In my 10 years of covering high school basketball, few if any players have shown the quick-twitch explosiveness, ball-handling and scoring ability of Klug.

Burlington is 3-3 without Klug in the lineup, but sits 7-4 overall and 4-2 in the SLC, only two games behind first-place Westosha Central. However, a 58-25 loss against the Falcons showed the effects of a Klug-less squad, especially on offense.

But with three players 6-foot-6 or taller, Brock Halbach, Dylan Runkel and Trent Turzenski, along with perimeter scoring threats like Grant Tully, Sean Safar and Nick Webley, along with Trey Krause, conference title hopes aren’t over.

Berezowitz said the team will explore as many offensive options as possible to increase scoring options without the team’s best player and facilitator.

Klug will do his part from the bench.

“Every day I go to practice, and I see guys hustling and improving,” Klug said. “Whether we win the night before or we lose, everyone comes back the next day and works hard and pushes themselves.”

“I still think we have a chance at the SLC crown, we can match up well with any team and we got a bunch of athletic kids in all positions. We just need to continue to get better day by day and focus each game.”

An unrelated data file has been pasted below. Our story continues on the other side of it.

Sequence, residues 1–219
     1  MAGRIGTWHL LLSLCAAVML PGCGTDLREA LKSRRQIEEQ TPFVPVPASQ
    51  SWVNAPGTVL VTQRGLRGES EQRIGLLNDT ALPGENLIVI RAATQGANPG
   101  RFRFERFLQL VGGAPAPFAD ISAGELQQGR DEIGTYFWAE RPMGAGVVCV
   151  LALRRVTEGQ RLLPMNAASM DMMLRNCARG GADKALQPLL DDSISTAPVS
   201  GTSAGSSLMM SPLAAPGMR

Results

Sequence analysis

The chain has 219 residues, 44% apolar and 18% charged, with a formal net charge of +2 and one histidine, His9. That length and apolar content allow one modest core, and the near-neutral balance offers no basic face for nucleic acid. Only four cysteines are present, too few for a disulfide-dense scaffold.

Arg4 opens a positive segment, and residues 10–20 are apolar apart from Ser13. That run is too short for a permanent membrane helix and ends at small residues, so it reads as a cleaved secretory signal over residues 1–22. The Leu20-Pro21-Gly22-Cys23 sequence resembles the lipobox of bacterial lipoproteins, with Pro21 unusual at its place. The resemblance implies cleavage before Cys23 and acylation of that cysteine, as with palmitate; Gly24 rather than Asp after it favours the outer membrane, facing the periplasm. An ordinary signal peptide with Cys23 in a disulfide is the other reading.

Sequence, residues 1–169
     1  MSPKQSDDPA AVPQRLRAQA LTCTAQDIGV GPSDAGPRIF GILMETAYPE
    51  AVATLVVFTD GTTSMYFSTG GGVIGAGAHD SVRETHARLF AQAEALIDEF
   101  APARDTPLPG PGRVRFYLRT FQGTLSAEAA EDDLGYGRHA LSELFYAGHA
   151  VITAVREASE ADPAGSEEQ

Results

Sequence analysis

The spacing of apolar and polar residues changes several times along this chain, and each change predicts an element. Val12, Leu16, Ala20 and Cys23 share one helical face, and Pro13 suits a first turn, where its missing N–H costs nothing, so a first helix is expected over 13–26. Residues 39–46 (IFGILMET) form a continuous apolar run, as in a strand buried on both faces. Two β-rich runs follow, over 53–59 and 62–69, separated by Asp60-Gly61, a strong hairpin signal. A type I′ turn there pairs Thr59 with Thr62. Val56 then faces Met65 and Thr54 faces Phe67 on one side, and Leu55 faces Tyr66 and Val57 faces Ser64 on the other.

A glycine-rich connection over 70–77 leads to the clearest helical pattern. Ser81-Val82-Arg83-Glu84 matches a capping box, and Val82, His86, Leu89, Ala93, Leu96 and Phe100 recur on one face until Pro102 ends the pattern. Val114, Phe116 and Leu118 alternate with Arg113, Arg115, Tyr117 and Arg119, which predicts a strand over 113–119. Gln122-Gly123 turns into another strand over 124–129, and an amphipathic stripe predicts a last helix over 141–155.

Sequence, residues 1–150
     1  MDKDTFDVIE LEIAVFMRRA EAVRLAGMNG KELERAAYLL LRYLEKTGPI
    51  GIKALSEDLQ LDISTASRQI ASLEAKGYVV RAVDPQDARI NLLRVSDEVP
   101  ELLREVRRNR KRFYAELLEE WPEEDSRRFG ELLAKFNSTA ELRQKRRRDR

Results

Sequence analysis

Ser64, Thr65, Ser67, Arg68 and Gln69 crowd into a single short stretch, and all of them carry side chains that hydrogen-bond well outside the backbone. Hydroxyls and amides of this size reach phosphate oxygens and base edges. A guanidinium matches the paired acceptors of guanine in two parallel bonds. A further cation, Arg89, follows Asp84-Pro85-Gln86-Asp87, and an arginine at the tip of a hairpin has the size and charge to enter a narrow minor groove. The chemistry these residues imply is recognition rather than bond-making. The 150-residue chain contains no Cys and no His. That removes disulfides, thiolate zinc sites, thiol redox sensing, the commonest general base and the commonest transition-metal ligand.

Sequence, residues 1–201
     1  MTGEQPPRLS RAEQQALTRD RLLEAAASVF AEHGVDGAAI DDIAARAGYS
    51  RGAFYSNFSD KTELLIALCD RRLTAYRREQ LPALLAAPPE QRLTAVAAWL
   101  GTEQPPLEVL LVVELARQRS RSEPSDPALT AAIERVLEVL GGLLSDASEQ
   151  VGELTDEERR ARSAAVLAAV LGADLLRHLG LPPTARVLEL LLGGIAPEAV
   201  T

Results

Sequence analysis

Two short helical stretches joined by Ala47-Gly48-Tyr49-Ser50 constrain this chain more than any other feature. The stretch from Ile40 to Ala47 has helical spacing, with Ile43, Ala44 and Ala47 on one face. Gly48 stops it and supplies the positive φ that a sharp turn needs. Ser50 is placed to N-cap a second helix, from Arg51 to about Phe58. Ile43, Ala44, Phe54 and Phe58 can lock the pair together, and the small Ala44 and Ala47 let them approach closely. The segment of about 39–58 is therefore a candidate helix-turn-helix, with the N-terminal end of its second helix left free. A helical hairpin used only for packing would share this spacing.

Koehnke reminds me of Ben Heiligenthal in 2015-16. Though an inch shorter, Koehnke possesses Heiligenthal’s ability to take over games and pound the glass.

He is becoming a walking double-double for a team that has enough outside shooting to compete in a stacked Metro Classic Conference (4 state-ranked teams) and make a postseason push in Division 5. He’s averaged 27 points and 12 rebounds his last two games.

Can Koehnke conjure up the ghost of Heiligenthal and take an underdog Toppers squad back to Madison?

One thing’s for sure – he’s motivated. They’re young and chemistry can still be improved, but Koehnke says the team’s strength is everyone has bought into their roles.

With almost two months left to play, that’s a good start.

Injuries have plagued Koehnke for five months now, so he won’t hold anything back moving forward.

“The injuries made me realize how every game isn’t guaranteed,” Koehnke said. “This gave me motivation to give 100 percent and enjoy playing at all times because my sports career could be taken away from me at any point.”

You have to admire Klug and Koehnke for keeping positive attitudes. It would’ve been easy to get discouraged or even give up.

But the superstar players emulate the embodiment of sports – hard work, perseverance and confidence.

God willing, Koehnke gets to keep playing and should heal up after the season, while Klug’s dreams of playing college basketball are still alive.

Keep your heads up, boys, and keep giving the game you love everything you have.